The Raphael Remedy

We Get What We Look For

by | Sep 15, 2016 | Counseling

We all know someone like this. No matter what they do or who they deal with they get the short end of it – or “screwed” to use a more popular phrase. I’m always amazed with certain people as it seems to be infallible for them. The mechanic, their boss, their coworkers, the doctor, the bank teller, the plumber, the contractor…you name it. They always seem to get screwed over despite the pains they take to protect themselves. Not trusting anyone, they go out of their way to prevent any possibility of being taken advantage of, and yet Boom! It blows up on them. Screwed again! It does make you wonder.

Of course, we can write it off to bad luck, but in my observation, I think there’s something else going on. Perhaps they did have a bad experience or two. Or they come from parents who experienced injustices. So they’ve learned fear – to not trust and to be careful. It makes sense or certainly seems to. But they constantly get the opposite result. They’re careful, they’re guarded, they’re secretive, and they’re screwed! Over, and over, and over.

So what’s up with that? I think a biblical principle is in play here: “Seek and you will find.” Naturally, we relate that saying to faith…if we seek faith, or seek God, we will find Him. It’s true. He does, after all, want to be found. But the principle holds true on the other side as well…if we’re constantly not trusting anyone and looking for ways that they may take advantage of us, we seem to find that too. We tend to get what we expect. Expect your children to be sneaky and cheat and chances are they will. Expect better of them and most often they rise to the expectation. Positive attitudes attract positive results and negative attitudes attract negative ones.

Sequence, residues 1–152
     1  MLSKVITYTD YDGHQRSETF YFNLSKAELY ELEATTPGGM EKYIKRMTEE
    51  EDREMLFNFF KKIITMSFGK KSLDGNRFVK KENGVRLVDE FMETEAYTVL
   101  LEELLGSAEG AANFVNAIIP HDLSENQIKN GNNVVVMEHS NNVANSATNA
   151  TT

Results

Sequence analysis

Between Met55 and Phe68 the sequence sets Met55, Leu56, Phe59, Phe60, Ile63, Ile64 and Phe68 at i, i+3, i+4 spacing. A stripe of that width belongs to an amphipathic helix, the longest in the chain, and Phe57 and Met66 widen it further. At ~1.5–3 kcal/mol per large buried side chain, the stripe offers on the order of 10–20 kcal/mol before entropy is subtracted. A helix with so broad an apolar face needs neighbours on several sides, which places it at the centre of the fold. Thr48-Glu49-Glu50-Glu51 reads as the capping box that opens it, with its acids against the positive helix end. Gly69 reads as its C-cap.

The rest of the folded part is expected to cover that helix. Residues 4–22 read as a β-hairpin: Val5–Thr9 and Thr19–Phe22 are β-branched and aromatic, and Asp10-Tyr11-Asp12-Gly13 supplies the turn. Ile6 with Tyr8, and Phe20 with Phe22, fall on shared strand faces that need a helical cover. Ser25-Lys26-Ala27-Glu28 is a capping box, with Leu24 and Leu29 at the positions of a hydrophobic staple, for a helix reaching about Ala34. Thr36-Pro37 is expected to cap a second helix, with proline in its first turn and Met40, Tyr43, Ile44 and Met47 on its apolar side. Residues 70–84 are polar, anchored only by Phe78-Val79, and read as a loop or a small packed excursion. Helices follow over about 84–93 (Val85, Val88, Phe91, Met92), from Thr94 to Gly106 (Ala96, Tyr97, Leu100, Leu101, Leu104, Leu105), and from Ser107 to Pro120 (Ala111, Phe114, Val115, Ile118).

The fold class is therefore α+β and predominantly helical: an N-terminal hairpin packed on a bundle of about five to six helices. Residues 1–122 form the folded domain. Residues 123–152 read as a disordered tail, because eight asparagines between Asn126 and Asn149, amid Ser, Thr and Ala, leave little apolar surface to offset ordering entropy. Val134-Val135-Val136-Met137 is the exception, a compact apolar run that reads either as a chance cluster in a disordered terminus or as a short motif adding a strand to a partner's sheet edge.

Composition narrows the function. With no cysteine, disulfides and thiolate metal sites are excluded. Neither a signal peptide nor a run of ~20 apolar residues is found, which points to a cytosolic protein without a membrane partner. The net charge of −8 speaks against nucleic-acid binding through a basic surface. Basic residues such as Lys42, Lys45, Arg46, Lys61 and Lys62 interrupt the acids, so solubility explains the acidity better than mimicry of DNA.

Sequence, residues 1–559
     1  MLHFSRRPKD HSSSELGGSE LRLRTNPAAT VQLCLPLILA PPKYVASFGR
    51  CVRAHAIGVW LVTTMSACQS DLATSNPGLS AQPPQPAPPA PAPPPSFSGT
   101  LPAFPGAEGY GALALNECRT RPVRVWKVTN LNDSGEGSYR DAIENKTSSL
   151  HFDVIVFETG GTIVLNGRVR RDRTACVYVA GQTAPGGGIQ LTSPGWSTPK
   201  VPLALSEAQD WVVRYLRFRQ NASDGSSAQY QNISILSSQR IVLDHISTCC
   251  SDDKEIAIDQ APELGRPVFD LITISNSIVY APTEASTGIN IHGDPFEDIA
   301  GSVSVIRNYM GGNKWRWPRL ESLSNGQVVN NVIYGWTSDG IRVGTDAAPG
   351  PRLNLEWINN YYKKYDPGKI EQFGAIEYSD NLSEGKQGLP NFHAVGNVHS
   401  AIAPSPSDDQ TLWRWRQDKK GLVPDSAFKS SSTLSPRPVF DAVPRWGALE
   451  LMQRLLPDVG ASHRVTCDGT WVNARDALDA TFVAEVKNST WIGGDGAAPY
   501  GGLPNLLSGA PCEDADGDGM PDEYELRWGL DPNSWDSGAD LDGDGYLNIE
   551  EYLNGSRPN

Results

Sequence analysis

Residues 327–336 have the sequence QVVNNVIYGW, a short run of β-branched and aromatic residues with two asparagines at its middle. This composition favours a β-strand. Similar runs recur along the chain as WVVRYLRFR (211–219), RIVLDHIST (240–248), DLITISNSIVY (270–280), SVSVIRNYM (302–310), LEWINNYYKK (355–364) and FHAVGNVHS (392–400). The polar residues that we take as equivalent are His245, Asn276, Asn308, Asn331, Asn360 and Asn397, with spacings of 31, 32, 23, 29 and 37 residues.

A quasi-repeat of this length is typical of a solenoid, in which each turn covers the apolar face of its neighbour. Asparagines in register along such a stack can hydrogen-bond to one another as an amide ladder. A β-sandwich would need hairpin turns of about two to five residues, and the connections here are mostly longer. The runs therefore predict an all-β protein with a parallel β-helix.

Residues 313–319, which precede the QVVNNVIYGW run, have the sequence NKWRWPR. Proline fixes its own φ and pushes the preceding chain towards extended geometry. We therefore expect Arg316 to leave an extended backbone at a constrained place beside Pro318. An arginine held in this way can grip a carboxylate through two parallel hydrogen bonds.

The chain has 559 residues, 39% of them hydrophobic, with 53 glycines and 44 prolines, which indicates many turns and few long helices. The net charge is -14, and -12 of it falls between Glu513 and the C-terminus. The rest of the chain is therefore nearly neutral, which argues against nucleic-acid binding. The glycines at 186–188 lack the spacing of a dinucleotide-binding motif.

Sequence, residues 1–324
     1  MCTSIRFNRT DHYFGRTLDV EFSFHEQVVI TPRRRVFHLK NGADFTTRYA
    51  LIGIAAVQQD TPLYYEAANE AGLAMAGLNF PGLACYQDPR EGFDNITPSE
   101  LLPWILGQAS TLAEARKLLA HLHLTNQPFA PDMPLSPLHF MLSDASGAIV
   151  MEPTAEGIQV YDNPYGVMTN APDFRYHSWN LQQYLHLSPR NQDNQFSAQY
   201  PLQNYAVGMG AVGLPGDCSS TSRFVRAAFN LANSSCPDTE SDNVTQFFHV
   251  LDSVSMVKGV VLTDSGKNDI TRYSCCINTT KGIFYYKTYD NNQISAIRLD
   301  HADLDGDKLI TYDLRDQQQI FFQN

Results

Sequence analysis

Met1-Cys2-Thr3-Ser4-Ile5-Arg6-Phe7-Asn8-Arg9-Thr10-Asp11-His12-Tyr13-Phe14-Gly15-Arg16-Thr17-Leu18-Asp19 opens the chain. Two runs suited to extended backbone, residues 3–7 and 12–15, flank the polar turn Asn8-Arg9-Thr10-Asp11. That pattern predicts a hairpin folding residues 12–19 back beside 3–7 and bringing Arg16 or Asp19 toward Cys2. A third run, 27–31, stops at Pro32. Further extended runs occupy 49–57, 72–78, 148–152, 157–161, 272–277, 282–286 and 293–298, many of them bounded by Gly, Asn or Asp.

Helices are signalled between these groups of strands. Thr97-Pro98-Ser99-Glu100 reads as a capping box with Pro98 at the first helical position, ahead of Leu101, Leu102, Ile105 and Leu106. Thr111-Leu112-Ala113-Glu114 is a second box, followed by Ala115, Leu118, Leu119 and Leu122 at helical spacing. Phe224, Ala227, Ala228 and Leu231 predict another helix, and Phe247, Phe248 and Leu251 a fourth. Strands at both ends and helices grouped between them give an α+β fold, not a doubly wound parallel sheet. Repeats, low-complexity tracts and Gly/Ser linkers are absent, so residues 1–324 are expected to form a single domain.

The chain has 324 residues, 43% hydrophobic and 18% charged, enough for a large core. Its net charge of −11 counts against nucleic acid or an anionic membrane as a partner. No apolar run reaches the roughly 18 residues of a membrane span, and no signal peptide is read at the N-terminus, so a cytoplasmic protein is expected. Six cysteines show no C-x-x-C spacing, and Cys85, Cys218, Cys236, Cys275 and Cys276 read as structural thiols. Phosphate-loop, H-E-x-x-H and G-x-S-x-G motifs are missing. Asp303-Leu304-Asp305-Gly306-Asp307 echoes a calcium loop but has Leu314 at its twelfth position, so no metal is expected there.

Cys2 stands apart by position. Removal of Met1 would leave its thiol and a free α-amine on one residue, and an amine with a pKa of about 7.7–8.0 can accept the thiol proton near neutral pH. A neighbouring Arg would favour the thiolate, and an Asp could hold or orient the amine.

At the heart of this problem is that when we decide out of fear not to trust anyone, we short circuit our instincts, or intuitions, if you will. If you simply believe that no one can be trusted, you don’t open your heart to those who can be. The Holy Spirit should be our guide in all things and the Holy Spirit speaks to our heart, in our feelings, not our head. Our head, or our intellect, is there to guide our feelings. The two should match up in most cases. Our feelings may tell us to trust someone, but if there are clear indications that we shouldn’t, then our reason needs to hold our feelings in check. (Every feeling is not from the Holy Spirit, after all, and feelings can be fickle at times.) By the same token, our feelings may tell us not to trust someone, but reason may tell us the reasons that we should. In such a case, unless our feelings are inordinately influenced by fear, we should listen to our feelings. It may be an inspiration or warning that things are not as they appear. Children and animals are often very intuitive in this regard. If they take a dislike to someone it’s often a good indicator to be on guard.

The point is this: fear can be a powerful force that can short circuit good things in your life. When we don’t trust anyone, we tend to not make the right friends and fall prey to the wrong ones. The right ones won’t manipulate us, after all, and the wrong ones will. Hence, it’s easier for them to take advantage of us. Learning how to manage fear, and healing the wounds from the past through which our fears rooted in pays big dividends for future happiness. If you struggle with fear, talking to a counselor who can help you put fear in its rightful place is a good idea well worth considering.

Allison Ricciardi, LMHC
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